Broadway

The Danciest Musicals on Netflix and Amazon Right Now

Forget Netflix and chill. Here at Dance Magazine, we're more about Netflix and show tunes! Thanks to the internet, you can stream live recordings of hit musicals from the comfort of your own couch. We gathered the danciest shows available right now.


Newsies

Where to stream: Netflix

Why it's worth a watch: Grab the popcorn and kick up your feet while the Newsies hit the streets selling papes. Broadway's Newsies is a nonstop dance parade, with turns and flips and tapping aplenty choreographed by Christopher Gattelli. Members from original cast and the national tour reunited for this special live taping. Let them seize the day while you relax on the couch.

RENT

Where to stream: Amazon (additional fee applies)

Why it's worth a watch: This live Broadway recording was filmed at the end of the RENT's phenomenal 12-year run. Be on the lookout for a pre-Hamilton Renée Elise Goldsberry, who joined the cast as Mimi shortly before it closed. Marlies Yearby's choreography ramps up the party atmosphere for raucous numbers like "La Vie Bohème."

Shrek

Where to stream: Netflix

Why it's worth a watch: Whether or not you've seen the movie version of Shrek, we recommend watching the Broadway version instead. This Best Musical nominee stars Sutton Foster as Princess Fiona and is packed with Josh Prince's choreography, performed by an army of spunky fairy-tale creatures.

Billy Elliot

Where to stream: Amazon (additional fee applies)

Why it's worth the watch: The story of a young boxer-turned-ballet-dancer comes to you live from the West End production. It's chock-full of Peter Darling's choreography that runs the gamut from comical to inspirational.

Carousel

Where to stream: Amazon Prime

Why it's worth a watch: This 2013 live recording from Lincoln Center isn't a fully staged Carousel, but it does feature many Broadway heavy hitters, like Kelli O'Hara and Jessie Mueller singing to orchestrations performed by the New York Philharmonic. And the second act ballet, choreographed by Warren Carlyle in this version, is danced by none other than Tiler Peck and Robert Fairchild.

The Creative Process
Rehearsal of Yvonne Rainer's Parts of Some Sextets. Photo by Paula Court, Courtesy Performa.

Yvonne Rainer's Parts of Some Sextets (AKA "the mattress dance") hasn't been revived since it premiered in 1965. Nor has Rainer had any wish to do it again, to ask performers to heave 10 mattresses around while carrying out 31 tasks that changed every 30 seconds. It was an unwieldy, difficult dance. (Even the title is unwieldy.) But Emily Coates, who has danced in Rainer's work for 20 years, became curious about this piece and was determined to see it again—and to dance in it. She will get her wish November 15–17, when the mattress dance will be performed as part of the Performa 19 Biennial.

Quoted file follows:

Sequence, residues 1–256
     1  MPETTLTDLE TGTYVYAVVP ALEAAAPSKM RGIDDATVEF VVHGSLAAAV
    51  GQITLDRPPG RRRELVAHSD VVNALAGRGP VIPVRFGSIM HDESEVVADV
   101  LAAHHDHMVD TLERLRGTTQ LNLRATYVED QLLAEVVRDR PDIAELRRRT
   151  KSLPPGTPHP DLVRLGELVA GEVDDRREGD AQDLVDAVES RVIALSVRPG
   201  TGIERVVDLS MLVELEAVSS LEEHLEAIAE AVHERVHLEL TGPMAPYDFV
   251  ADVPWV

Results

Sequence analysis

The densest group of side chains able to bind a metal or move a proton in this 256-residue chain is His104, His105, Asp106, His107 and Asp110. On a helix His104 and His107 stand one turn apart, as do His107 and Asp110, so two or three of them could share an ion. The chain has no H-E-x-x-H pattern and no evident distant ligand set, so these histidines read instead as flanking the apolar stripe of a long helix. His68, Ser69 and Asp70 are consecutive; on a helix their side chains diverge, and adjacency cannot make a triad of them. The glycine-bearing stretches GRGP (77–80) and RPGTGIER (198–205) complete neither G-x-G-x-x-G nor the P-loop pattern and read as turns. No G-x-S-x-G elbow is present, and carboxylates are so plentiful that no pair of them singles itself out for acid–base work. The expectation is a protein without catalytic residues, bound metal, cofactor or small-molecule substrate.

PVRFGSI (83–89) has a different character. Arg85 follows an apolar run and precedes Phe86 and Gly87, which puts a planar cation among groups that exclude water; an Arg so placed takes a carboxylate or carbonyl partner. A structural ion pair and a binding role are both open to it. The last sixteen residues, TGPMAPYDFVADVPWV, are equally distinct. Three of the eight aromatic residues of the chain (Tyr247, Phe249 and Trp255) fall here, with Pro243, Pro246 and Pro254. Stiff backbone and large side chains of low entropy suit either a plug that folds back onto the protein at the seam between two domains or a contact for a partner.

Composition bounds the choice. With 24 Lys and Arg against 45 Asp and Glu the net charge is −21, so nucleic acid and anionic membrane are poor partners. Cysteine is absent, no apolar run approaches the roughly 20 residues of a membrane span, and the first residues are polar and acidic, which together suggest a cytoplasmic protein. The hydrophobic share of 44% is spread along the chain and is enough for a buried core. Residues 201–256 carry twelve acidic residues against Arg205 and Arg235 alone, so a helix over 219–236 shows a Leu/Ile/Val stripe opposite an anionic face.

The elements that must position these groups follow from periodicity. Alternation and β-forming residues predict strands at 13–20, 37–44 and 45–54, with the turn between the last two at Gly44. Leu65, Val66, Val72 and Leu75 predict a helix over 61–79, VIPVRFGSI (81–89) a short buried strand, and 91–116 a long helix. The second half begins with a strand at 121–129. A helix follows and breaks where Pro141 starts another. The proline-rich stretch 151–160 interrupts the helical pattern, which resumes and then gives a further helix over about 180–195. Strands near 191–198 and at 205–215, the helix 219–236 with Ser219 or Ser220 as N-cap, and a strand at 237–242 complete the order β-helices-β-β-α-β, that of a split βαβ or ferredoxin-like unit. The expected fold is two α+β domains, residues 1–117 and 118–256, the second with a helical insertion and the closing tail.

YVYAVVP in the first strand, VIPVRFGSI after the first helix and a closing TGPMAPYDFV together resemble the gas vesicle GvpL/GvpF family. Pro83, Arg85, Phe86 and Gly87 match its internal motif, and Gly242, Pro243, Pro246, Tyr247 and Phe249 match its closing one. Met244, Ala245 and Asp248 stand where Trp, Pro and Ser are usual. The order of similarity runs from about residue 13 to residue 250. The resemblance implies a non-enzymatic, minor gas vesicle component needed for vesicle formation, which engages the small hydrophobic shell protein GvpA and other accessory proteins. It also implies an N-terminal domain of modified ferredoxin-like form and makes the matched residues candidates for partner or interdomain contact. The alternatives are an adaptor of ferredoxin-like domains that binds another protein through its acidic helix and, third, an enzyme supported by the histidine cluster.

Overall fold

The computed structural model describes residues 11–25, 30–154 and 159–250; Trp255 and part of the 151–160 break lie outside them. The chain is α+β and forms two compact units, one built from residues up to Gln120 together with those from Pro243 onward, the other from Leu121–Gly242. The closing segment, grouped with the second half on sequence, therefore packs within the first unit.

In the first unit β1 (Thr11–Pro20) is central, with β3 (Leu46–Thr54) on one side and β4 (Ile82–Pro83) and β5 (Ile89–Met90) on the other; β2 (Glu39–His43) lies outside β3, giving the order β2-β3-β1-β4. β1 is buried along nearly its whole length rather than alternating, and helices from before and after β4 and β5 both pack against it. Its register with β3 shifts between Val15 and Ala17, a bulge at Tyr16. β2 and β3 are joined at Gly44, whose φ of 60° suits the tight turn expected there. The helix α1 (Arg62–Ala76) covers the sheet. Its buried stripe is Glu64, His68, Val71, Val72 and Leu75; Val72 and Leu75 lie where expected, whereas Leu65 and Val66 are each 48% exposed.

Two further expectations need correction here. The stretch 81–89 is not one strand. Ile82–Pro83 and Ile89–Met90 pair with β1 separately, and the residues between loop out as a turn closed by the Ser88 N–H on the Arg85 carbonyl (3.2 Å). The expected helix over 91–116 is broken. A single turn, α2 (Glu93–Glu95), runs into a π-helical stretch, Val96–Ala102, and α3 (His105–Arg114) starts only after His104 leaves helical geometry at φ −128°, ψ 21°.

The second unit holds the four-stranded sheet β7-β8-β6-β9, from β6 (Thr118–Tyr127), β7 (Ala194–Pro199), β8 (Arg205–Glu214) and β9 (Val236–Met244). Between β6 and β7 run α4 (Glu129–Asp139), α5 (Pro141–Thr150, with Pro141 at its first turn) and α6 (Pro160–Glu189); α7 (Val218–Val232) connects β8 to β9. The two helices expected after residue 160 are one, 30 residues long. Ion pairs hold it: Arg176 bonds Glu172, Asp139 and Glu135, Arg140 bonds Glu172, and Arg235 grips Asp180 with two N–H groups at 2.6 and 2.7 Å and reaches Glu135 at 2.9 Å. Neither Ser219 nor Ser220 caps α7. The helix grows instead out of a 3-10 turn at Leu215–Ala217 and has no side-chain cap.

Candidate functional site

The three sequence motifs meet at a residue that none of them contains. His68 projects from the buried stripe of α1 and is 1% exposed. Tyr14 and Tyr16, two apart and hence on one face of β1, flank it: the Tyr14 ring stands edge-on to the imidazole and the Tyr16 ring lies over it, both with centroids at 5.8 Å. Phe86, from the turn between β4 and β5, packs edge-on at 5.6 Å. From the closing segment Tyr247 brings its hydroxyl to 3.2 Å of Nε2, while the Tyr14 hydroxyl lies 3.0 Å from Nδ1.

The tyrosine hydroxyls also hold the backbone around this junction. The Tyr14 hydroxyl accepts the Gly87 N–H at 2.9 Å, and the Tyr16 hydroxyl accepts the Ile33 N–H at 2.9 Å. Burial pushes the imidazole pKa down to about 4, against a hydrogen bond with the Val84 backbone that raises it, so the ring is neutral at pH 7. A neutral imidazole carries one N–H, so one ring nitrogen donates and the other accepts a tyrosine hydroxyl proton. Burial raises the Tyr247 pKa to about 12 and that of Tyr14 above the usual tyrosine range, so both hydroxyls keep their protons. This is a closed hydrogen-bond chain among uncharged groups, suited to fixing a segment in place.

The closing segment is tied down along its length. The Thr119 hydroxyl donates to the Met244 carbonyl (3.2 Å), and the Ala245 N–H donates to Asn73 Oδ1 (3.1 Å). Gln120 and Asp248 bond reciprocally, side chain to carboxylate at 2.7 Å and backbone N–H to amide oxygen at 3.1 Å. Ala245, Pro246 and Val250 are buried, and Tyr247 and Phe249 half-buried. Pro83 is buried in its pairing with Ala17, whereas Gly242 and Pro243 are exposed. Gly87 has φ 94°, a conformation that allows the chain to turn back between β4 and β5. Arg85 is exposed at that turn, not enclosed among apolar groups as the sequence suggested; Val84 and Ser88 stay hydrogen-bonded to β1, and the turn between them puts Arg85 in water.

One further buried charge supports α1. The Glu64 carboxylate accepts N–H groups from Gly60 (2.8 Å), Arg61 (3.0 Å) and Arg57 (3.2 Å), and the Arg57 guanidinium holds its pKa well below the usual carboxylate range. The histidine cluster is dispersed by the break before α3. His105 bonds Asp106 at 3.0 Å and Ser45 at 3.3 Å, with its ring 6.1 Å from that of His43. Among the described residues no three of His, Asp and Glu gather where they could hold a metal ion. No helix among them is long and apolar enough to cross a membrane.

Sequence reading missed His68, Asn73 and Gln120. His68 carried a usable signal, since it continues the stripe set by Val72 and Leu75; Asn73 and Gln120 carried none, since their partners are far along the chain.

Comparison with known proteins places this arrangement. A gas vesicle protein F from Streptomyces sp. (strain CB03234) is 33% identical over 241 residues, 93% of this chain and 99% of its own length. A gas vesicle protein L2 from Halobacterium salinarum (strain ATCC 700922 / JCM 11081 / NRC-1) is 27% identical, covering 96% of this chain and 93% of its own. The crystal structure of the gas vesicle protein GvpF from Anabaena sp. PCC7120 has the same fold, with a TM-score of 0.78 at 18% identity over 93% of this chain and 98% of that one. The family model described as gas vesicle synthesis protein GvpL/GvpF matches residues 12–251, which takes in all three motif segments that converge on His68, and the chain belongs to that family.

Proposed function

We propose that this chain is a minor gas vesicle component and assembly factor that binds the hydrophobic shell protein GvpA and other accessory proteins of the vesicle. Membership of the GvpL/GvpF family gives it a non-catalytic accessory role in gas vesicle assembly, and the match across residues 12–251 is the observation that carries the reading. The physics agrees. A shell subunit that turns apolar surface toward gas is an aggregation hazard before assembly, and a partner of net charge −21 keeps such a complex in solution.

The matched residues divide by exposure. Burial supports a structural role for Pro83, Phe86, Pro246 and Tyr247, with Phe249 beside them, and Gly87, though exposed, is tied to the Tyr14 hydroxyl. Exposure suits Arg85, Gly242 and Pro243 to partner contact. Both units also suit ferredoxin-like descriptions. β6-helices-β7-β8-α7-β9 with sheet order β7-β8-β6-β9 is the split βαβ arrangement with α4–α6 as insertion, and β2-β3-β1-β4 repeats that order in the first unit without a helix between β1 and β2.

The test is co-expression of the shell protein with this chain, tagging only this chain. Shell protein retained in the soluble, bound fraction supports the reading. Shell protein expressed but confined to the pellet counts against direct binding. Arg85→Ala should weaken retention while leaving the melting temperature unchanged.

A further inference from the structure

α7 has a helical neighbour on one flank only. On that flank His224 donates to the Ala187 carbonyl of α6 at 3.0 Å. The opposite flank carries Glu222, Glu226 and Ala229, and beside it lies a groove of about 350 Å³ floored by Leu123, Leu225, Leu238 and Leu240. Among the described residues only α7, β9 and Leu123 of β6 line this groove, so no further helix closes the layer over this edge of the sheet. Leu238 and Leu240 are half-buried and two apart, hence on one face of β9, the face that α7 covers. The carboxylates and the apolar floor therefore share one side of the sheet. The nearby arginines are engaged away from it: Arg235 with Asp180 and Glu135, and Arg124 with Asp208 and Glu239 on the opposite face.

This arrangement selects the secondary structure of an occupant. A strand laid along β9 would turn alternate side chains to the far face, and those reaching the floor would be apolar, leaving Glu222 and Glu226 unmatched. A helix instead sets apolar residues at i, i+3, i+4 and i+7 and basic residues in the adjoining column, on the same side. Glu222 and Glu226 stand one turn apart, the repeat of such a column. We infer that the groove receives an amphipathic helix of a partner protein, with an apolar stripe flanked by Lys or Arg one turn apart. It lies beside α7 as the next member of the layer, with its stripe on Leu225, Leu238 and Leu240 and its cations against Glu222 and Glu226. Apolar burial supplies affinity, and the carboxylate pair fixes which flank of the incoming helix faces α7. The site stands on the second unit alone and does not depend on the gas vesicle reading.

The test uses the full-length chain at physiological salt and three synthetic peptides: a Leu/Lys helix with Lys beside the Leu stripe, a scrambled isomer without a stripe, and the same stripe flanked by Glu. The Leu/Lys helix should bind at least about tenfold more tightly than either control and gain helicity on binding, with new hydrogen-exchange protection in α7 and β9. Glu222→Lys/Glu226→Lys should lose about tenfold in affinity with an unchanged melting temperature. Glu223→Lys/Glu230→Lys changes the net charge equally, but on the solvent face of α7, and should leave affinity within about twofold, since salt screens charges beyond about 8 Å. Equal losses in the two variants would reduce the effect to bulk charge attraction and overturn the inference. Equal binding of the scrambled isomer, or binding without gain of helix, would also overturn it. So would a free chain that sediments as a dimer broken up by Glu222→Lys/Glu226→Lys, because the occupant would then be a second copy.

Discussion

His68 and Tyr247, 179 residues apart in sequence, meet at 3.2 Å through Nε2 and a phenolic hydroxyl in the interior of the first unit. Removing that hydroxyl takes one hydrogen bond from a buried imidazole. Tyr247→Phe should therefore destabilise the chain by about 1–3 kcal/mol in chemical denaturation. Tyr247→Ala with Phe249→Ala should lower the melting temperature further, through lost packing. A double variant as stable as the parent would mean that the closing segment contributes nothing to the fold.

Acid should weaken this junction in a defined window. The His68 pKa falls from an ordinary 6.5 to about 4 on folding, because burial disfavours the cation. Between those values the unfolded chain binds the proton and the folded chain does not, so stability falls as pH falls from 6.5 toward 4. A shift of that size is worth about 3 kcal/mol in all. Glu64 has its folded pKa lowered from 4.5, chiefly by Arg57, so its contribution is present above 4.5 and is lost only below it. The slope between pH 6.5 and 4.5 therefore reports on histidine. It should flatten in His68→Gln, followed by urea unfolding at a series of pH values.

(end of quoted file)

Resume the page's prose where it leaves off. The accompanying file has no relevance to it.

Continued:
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Sponsored by NYCDA
Ailey II artistic director Troy Powell teaching an Ailey Workshop at NYCDA. Courtesy NYCDA

Back in 2011 when Joe Lanteri first approached Katie Langan, chair of Marymount Manhattan College's dance department, about getting involved with New York City Dance Alliance, she was skeptical about the convention/competition world.

"But I was pleasantly surprised by the enormity of talent that was there," she says. "His goal was to start scholarship opportunities, and I said okay, I'm in."

Today, it's fair to say that Lanteri has far surpassed his goal of creating scholarship opportunities. But NYCDA has done so much more, bridging the gap between the convention world and the professional world by forging a wealth of partnerships with dance institutions from Marymount to The Ailey School to Complexions Contemporary Ballet and many more. There's a reason these companies and schools—some of whom otherwise may not see themselves as aligned with the convention/competition world—keep deepening their relationships with NYCDA.

Now, college scholarships are just one of many ways NYCDA has gone beyond the typical weekend-long convention experience and created life-changing opportunities for students. We rounded up some of the most notable ones:

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Health & Body
Getty Images

Nadine Kaslow, a psychologist who works with dancers at Atlanta Ballet, offers tips for creating a more body-positive studio experience:

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Sponsored by Harlequin Floors
Left: Hurricane Harvey damage in Houston Ballet's Dance Lab; Courtesy Harlequin. Right: The Dance Lab pre-Harvey; Nic Lehoux, Courtesy Houston Ballet.

"The show must go on" may be a platitude we use to get through everything from costume malfunctions to stormy moods. But when it came to overcoming a literal hurricane, Houston Ballet was buoyed by this mantra to go from devastated to dancing in a matter of weeks—with the help of Harlequin Floors, Houston Ballet's longstanding partner who sprang into action to build new floors in record time.

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